“Leap of Faith”

by Steven Trenam

I take my daughter to the ballet studio
at a former convent in Marin.
She will be dancing for hours.

At the edge of the church’s property
is an old gymnasium.
I ascend the stairs and find the door
unlocked. The gym is empty.
Through a long expanse of windows
improvisational sunlight flows—
dust particle adagios in the slipstream.
I can almost hear Love Supreme
in the sonorous morning air.

Two small birds enter
through a broken window
and sing their way up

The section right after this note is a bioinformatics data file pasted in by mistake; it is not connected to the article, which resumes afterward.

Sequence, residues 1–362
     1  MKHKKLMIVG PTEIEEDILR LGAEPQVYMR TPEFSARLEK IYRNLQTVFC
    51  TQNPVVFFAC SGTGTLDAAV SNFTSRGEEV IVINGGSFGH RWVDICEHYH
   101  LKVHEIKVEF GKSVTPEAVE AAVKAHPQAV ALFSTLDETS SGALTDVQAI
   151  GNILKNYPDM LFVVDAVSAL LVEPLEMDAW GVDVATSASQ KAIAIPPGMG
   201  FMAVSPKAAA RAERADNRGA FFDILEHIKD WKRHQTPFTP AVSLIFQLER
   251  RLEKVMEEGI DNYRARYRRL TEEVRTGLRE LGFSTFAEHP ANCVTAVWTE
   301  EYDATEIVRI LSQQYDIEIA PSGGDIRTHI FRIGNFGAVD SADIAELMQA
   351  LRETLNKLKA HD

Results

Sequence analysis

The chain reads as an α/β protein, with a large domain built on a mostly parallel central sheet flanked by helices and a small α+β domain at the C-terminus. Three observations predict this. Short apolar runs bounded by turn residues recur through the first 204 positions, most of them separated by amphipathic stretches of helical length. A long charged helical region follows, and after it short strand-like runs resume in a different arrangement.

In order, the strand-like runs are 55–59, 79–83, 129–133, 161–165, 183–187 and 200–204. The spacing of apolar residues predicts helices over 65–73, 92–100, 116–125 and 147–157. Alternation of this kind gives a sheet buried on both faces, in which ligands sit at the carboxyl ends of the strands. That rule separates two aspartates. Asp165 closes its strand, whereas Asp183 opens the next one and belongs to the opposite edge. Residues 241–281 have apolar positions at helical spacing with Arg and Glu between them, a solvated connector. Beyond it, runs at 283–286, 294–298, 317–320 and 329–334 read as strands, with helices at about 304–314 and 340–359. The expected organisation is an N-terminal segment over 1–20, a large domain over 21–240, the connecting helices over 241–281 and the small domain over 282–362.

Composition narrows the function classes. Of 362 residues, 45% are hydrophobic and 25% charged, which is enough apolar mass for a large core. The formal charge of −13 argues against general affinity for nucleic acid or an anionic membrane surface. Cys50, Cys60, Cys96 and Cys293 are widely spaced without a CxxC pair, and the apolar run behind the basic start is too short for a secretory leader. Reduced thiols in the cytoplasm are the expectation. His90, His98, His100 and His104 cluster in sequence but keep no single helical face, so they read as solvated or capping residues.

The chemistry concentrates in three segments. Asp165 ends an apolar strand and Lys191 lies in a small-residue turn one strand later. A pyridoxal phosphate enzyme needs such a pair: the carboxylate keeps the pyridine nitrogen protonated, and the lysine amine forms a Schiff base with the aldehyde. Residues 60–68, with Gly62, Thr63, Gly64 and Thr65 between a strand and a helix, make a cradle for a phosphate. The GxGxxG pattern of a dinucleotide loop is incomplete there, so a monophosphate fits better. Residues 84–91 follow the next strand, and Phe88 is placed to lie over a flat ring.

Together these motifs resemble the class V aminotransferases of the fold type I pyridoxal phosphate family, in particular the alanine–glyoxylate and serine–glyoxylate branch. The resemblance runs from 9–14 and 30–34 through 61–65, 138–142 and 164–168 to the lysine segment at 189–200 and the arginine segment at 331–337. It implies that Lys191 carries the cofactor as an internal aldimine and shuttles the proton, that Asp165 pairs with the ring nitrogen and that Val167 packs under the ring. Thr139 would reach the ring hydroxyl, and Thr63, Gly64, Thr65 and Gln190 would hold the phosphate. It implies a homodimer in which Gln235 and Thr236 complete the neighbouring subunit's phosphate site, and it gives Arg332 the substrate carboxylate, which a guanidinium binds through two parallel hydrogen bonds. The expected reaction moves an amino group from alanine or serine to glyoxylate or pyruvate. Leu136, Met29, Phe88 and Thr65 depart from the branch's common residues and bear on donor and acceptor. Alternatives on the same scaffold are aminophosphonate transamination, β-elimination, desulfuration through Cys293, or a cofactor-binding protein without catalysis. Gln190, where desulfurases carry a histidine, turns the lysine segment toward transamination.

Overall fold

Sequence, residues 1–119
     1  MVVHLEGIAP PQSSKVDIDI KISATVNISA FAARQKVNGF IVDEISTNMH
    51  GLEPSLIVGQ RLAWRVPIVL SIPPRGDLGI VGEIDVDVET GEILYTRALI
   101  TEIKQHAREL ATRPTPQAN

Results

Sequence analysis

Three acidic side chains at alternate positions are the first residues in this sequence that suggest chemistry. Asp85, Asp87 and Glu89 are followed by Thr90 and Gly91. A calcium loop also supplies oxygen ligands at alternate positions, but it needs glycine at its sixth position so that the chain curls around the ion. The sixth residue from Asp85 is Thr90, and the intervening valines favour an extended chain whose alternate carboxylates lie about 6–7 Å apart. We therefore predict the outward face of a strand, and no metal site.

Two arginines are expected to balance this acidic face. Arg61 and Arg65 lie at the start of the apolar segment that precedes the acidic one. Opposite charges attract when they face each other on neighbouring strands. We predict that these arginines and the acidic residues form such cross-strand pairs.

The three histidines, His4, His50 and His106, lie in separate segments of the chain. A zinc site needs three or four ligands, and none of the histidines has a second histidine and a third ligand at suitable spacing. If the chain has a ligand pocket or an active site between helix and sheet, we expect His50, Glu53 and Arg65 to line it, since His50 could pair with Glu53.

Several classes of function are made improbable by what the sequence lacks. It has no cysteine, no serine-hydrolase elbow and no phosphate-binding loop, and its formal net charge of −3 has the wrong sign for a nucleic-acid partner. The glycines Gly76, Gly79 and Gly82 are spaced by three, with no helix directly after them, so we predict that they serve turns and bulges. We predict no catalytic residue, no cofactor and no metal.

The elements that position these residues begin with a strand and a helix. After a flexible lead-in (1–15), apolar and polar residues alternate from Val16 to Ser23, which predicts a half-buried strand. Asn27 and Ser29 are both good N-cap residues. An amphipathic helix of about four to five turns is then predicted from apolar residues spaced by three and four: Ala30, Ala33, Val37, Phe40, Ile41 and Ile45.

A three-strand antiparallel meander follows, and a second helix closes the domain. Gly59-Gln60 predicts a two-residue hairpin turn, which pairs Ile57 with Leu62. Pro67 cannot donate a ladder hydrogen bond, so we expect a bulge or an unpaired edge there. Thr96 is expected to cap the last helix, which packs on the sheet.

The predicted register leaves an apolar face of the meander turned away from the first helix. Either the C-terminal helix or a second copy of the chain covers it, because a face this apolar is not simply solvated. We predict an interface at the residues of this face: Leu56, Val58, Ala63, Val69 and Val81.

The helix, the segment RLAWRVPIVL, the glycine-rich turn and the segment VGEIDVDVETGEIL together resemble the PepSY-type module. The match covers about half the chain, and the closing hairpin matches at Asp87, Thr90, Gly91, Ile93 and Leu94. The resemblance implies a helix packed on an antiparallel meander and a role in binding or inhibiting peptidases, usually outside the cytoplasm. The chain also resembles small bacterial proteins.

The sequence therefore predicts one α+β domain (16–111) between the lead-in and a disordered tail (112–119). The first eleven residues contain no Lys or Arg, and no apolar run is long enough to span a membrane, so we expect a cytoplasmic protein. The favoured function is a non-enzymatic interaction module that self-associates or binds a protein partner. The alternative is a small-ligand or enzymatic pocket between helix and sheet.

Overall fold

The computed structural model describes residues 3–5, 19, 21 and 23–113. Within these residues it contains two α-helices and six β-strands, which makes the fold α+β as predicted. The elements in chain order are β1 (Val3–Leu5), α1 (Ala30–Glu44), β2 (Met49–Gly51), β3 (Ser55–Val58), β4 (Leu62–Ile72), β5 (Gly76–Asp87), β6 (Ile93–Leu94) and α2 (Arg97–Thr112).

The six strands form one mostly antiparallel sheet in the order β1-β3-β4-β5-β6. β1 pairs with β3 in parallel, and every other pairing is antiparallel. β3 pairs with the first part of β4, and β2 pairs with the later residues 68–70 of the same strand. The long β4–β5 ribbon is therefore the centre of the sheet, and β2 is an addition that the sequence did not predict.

to a nest in the rafters,
riffing on a Coltrane refrain.

I notice a rack of balls
at the far end of the court
and start shooting free throws,
expand to twenty footers,
and finally, the fantasy
of a half-court shot.

Reminded of my distant past
scrimmaging the Warriors—
Rick Barry in his prime
driving the baseline,
gliding like my daughter
as she glissades across her floor—
effortless and magical.

I retire to the stands
to reflect on my spent youth,
my daughter making music visible,
her grand jetés,
higher than I could ever leap,
even in my heyday.

My reflective soul resides
in this dusty relic of a building,
playing court to my form of ballet—
as close as I will ever come
to a place of worship.

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Steve Trenam’s bio
An Affront to Gravity

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